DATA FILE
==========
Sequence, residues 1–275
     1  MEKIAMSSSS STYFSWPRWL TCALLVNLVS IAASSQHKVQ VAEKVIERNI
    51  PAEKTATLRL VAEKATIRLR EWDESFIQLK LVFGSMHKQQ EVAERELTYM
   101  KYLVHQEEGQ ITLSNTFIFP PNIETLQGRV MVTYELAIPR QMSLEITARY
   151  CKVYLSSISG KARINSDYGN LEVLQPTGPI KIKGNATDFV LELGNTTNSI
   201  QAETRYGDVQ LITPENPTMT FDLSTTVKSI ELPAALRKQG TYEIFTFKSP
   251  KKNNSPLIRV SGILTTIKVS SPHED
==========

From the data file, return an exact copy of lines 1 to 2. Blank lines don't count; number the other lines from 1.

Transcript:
Sequence, residues 1–275
     1  MEKIAMSSSS STYFSWPRWL TCALLVNLVS IAASSQHKVQ VAEKVIERNI